Nowhere was this generational divide more apparent than when 50-year-old HLN host Ashleigh Banfield accused of jeopardizing Ansari’s career over what amounted to be nothing more than “a bad date”; in response, the journalist who wrote the story, Katie Way, called Banfield a “burgundy lipstick bad highlights second-wave feminist” whom “no one under the age of 45 has ever heard of.” As a result of this less than dignified public spat, the focus on the Ansari story shifted from the comedian’s alleged behavior to girl-on-girl fighting on the left — and Ansari’s career has emerged relatively unscathed.

And this, in the end, may be the ultimate — and unfortunate — byproduct of the #MeToo age gap. When women on the left are too busy quibbling over what does and doesn’t constitute appropriate behavior, and when we spend the bulk of our time constantly drawing and re-drawing lines in the sand, it may very well prevent us from performing the task at hand: holding men accountable for their behavior, regardless of where, precisely, it falls on the moral spectrum. Whether he’s a touchy-feely guy or not, or whether he’s a suitable candidate for the presidency or not, there are three things that matter about Biden’s alleged behavior: that it is not unique to him, and is in fact shared by men in cubicles and conference rooms and campaign events and luncheons everywhere; and that it made some women uncomfortable. Anything else is just hair-splitting.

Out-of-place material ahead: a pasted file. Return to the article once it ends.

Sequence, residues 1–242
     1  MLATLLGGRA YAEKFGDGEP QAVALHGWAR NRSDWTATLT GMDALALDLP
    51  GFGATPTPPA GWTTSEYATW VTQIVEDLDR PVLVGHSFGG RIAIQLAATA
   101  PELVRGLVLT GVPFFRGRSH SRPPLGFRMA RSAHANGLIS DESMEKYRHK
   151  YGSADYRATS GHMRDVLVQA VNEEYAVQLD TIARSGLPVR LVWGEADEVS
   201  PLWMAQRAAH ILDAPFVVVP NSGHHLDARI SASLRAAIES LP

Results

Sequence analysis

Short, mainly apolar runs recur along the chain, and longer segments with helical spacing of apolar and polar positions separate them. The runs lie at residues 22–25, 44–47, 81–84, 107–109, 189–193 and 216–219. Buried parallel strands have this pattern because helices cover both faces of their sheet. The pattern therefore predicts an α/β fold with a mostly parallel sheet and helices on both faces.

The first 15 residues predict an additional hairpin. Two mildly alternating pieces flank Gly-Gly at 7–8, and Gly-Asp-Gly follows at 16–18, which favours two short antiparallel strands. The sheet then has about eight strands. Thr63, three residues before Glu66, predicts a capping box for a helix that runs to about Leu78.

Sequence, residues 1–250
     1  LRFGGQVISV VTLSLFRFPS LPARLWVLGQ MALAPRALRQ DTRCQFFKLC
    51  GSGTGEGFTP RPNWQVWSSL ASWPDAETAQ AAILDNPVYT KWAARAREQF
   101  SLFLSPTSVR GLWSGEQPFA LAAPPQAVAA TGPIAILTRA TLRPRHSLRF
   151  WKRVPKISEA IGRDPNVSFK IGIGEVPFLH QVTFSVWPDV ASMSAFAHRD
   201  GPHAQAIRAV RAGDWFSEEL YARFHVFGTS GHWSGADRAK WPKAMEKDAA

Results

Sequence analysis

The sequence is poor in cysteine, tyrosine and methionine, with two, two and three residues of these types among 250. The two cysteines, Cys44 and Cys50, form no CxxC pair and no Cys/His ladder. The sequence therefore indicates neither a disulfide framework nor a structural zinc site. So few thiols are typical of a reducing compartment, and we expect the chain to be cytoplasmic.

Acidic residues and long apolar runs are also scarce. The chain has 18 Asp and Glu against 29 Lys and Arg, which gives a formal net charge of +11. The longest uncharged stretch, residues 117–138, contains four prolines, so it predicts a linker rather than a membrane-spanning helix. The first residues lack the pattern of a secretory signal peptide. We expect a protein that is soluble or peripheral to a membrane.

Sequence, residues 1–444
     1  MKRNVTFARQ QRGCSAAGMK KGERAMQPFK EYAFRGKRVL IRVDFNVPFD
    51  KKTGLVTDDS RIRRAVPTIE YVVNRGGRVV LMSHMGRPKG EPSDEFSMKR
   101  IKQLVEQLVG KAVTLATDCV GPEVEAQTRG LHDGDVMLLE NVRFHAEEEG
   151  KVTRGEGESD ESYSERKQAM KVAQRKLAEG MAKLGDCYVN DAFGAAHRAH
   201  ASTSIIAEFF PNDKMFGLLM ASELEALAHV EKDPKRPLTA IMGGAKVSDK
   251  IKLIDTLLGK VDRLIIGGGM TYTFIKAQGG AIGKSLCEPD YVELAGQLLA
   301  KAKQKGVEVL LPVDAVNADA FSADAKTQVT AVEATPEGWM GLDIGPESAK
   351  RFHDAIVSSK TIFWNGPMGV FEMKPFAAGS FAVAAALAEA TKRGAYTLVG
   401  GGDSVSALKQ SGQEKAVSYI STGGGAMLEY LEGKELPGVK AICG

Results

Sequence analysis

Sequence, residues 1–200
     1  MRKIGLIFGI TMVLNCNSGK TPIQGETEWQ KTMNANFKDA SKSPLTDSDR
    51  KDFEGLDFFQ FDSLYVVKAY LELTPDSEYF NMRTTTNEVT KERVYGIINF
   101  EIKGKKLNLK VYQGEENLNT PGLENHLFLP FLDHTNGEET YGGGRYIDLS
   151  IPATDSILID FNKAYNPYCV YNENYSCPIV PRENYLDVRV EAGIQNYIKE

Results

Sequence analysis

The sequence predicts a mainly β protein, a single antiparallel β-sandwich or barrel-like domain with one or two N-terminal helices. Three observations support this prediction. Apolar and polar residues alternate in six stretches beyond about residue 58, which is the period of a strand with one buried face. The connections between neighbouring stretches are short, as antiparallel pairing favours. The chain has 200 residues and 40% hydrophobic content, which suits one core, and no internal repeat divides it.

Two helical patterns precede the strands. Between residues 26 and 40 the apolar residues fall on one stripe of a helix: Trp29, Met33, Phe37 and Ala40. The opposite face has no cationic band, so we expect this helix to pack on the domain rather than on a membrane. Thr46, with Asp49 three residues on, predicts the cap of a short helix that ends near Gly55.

In This Article: #MeToo, Joe Biden